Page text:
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New Year on Mobility, Militarization, and Containment for Comparative Border Studies

mcb-year-twoStruggles for self-determination in Kashmir and radical anti-capitalist collectivities in Tijuana came together in “The Armed Border: Gender, Sexuality, Biopolitics, Violence,” a Mellon Research Initiative in Comparative Border Studies event exploring citizenship in border spaces.
Mona Bhan (Associate Professor of Anthropology at DePauw University) and Sayak Valencia (professor in the Department of Cultural Studies at El Colegio de la Frontera Norte) spoke at the October 28 event to launch the second year of Comparative Border Studies programming on the theme “Mobility, Militarization, Containment.”
Other events coming up this week include:

“The Armed Border” presentations were structured to produce conversations across borders by pairing Bhan’s research in Kashmir with Valencia’s work in Tijuana and pre-circulating their scholarship to the Comparative Border Studies listserv (readings are also available on their website). The event was moderated by Christina Jo Pérez, the new Mellon Comparative Border Studies Visiting Assistant Professor, who joins Maurice Stierl in his final year in that position. In addition to teaching courses on “Queer of Color Critique,” and “Sexualities, Immigration, and Detention,” Pérez is working on her project, Bodies on the Line: Violence, Disposable Subjects, and the US-Mexico Border Industrial Complex, which interrogates how discourses of Mexican migrants as racialized, gendered, and hypersexualized “deviants” normalize violence against border crossers. 
Bhan presented on her research in the occupied-territory of Kashmir, where the Indian government is building a mega eclectrodam on the Neelum-Jhelum River that will flood Kashmiri towns. The talk highlights the Headrace Tunnel, designed to transport waters for the dam, as a “technosocial assemblage that will increase immobility,” and “illuminate the ways people living along the India/Pakistan border experience connectivity and belongingness.”

Bhan also positions the dam as part of progressive development projects meant to bring so-called “alienated youths” in Kashmir into the fold of Indian modernity. “Alienation,” she explained, “is a justification to use development to reframe a long struggle for self-determination in Kashmir, promised since 1947.”  

Valencia is the author of Capitalismo Gore (Paidós, México, 2016/ Melusina, Barcelona, 2010), and of numerous articles including “Tijuana Cuir” (Denmark, 2014) and “Capitalismo gore y necropolítica en México contemporáneo” (UAM, Madrid, 2012). Valencia chose to present in Spanish in order to preserve the complexities of her theorization of the concept of cuirdadanía that she and her collaborators developed “como contestación y contraficción critíca frente a la idea normativa y excluyente de ciudandaní/ as an opposition and as a contra-fiction critique against the normative and exclusive idea of citizenship.” Cuirdadanía puts together cuir (an approximate concept of “queer” in the U.S.) with ciudadanía/citizenship to explain a particular cross-border, cuir identity formed by biopolitics, necropolitics, and the embodied experiences of living in borders that go beyond demographic or ethnic distinction.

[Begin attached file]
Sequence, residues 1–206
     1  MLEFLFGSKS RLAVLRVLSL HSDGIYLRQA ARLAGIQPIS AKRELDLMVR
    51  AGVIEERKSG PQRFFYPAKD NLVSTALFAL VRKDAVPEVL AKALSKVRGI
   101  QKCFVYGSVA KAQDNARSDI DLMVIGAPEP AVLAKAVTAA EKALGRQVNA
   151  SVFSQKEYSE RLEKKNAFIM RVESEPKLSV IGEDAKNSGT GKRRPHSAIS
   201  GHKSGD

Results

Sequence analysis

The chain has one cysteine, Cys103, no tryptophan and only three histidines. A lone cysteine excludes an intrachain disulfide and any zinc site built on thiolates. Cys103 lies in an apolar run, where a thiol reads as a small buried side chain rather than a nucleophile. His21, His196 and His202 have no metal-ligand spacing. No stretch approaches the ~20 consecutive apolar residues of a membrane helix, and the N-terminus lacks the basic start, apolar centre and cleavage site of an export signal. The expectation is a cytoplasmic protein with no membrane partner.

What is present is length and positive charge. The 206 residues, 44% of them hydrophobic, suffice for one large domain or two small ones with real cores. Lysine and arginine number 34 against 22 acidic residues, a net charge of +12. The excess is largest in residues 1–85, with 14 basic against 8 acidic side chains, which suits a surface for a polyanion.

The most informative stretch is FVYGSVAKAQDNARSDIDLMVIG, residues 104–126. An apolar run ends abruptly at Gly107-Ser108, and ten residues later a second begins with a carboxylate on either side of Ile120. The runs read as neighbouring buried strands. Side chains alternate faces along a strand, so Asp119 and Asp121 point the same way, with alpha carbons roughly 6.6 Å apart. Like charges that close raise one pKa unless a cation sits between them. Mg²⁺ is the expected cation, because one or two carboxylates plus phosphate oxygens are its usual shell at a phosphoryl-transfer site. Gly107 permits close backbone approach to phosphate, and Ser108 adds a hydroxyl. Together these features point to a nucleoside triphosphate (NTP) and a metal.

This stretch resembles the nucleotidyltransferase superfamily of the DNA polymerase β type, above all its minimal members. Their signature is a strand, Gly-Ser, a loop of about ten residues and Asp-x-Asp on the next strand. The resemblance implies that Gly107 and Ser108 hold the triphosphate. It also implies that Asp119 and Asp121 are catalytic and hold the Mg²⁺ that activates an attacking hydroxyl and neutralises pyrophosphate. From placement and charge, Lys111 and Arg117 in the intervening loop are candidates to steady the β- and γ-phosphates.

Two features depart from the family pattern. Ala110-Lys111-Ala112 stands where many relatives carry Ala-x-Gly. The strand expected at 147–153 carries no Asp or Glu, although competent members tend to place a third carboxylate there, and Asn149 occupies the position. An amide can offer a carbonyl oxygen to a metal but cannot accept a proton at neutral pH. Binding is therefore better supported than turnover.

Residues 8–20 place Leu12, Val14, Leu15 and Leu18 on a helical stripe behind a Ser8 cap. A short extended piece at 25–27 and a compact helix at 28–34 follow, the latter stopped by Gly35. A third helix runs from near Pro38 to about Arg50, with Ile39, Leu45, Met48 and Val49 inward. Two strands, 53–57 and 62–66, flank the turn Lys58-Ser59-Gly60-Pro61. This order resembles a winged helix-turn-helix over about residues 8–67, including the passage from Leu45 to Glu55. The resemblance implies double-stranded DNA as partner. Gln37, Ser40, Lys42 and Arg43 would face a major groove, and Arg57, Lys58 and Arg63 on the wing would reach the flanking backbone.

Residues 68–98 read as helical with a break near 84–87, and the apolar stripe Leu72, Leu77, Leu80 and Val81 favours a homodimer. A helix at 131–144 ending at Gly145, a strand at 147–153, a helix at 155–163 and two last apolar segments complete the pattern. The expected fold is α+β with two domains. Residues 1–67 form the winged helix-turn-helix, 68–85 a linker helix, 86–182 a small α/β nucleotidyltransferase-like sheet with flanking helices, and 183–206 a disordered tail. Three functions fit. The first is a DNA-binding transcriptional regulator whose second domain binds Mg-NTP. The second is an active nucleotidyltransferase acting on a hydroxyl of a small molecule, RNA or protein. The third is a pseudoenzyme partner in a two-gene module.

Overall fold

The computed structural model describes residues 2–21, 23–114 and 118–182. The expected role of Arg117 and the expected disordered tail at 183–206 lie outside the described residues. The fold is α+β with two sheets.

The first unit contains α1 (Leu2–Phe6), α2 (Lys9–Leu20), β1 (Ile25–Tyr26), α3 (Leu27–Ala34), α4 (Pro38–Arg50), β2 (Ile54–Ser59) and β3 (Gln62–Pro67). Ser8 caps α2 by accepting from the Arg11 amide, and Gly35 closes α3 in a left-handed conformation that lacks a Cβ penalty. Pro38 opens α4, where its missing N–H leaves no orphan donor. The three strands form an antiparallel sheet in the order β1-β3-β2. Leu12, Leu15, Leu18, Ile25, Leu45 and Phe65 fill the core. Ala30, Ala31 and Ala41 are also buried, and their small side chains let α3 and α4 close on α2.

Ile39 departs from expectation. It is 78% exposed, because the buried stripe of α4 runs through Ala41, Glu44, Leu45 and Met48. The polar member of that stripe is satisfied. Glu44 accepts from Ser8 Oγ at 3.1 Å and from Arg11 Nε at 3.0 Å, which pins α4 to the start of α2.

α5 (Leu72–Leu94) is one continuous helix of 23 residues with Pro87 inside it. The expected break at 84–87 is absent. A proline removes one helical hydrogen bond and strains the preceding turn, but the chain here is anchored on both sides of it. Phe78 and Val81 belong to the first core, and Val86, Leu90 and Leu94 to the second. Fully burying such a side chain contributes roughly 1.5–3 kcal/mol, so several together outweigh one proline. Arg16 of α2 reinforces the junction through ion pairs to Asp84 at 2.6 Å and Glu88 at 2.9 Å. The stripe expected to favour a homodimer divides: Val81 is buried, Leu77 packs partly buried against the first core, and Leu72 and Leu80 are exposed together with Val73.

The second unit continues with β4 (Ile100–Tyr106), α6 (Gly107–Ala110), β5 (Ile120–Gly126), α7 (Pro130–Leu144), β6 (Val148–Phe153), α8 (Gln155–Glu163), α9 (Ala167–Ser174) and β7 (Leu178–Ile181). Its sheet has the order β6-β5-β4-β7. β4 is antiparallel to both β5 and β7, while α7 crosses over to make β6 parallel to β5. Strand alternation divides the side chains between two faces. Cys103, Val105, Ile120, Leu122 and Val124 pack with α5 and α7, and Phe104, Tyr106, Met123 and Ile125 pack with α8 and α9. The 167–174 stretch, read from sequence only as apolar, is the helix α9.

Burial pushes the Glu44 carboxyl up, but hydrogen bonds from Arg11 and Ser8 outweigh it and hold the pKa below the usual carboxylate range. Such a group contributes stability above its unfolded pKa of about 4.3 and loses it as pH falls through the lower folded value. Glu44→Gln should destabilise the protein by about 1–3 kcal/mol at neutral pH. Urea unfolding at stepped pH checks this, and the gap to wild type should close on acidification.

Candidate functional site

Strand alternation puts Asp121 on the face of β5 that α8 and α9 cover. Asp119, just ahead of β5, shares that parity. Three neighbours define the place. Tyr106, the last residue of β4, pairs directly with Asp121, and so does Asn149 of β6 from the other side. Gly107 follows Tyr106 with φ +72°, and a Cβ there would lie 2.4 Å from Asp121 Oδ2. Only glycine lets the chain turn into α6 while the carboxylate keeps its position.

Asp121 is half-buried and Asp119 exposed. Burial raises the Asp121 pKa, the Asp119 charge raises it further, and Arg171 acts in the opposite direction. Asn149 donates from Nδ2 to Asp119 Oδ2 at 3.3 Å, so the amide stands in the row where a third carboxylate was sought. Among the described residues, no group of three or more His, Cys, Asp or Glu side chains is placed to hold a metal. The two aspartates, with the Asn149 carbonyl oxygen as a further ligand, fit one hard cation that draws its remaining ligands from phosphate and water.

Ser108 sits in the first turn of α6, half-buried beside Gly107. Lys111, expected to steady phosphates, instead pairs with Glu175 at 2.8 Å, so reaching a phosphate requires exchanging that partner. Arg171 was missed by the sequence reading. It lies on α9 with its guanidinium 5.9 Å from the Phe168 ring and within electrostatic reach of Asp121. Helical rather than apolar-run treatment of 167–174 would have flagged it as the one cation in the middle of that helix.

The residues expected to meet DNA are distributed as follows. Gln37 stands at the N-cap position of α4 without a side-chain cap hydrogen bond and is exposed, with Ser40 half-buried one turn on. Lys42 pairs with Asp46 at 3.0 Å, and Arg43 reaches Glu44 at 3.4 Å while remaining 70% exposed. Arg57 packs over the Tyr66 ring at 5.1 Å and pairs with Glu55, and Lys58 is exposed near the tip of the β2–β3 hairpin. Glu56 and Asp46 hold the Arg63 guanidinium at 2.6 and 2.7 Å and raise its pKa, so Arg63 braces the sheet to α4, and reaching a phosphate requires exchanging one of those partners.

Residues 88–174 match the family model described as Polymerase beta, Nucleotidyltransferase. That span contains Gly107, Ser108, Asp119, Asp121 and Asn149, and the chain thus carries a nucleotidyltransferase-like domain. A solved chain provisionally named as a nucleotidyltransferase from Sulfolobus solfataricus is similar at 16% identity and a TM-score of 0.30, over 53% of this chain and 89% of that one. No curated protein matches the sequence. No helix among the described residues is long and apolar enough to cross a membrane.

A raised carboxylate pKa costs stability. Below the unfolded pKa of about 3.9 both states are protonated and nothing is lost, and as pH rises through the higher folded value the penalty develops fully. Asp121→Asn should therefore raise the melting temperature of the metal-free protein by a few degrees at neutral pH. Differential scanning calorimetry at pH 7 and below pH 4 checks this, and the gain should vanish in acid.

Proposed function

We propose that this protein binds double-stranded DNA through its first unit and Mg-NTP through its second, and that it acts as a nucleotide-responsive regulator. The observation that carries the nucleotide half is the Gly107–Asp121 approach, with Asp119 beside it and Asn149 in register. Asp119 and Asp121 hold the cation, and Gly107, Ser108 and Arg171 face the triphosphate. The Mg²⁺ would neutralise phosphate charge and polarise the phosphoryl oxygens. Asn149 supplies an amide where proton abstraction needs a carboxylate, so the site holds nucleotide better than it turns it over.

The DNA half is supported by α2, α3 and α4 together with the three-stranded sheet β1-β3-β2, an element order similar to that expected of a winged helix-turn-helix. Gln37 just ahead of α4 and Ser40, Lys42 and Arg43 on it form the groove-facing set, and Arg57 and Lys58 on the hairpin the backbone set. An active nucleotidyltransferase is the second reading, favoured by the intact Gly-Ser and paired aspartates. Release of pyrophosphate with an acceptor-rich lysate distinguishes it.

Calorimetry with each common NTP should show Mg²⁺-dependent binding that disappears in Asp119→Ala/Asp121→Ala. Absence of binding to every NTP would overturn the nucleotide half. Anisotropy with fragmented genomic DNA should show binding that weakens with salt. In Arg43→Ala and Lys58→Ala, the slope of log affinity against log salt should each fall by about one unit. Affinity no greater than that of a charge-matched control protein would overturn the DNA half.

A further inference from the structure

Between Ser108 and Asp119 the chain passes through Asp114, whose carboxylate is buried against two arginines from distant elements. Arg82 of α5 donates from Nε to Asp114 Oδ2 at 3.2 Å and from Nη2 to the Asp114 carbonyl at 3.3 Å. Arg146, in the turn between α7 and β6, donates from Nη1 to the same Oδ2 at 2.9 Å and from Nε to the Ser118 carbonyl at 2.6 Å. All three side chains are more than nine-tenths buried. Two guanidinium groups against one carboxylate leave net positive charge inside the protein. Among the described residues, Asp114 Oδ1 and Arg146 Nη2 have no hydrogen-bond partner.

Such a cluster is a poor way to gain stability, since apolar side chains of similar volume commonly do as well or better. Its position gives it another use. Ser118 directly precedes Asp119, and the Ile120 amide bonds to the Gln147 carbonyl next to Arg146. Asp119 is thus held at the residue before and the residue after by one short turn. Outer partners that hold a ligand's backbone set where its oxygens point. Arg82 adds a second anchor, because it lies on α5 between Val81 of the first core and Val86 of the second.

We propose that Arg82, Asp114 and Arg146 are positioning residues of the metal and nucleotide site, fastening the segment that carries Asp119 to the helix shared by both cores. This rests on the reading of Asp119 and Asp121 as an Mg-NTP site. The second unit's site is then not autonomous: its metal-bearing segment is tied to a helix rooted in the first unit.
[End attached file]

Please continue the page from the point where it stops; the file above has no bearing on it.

Valencia explained:  “La cuirdadanía es una invitación a tomar una posición política desde una colectividad no desde una identidad que ya no reproduzca de manera sumisa el proyecto neoliberal y heteropatriarcal disfrazado de proyecto democrático y ciudadano sino que en cambio construya un común que sostenga nuestras vidas como cuirdadanxs. / Cuirdadanía is an invitation to take a political stand from a collectivity not from an identity that no longer reproduces in a submissive way the neoliberal project and heteropatiachal disguised as a democratic and citizen project but instead builds a common ground that sustains our lives as cuirdadanxs.”

The event concluded with a series of questions from the audience that drew together the shared concerns of Bhan and Valencia on the spatial aspects of sovereignty, the targeting of youths in border zones, and counter-imaginaries in border spaces.
If you are interested in joining the Mellon Comparative Border Studies Research Initiative, contact either of the Visiting Assistant Professors (Christina Jo Pérez and Maurice Stierl) or the co-principal investigators Robert Irwin, Chair of the Graduate Group in Cultural Studies and Professor in the Department of Spanish and Portuguese, and Sunaina Maira, Professor of Asian American Studies at UC Davis.
– Stephanie Maroney, DHI Graduate Student Researcher and doctoral candidate in Cultural Studies

This page was last updated: October 31, 2016



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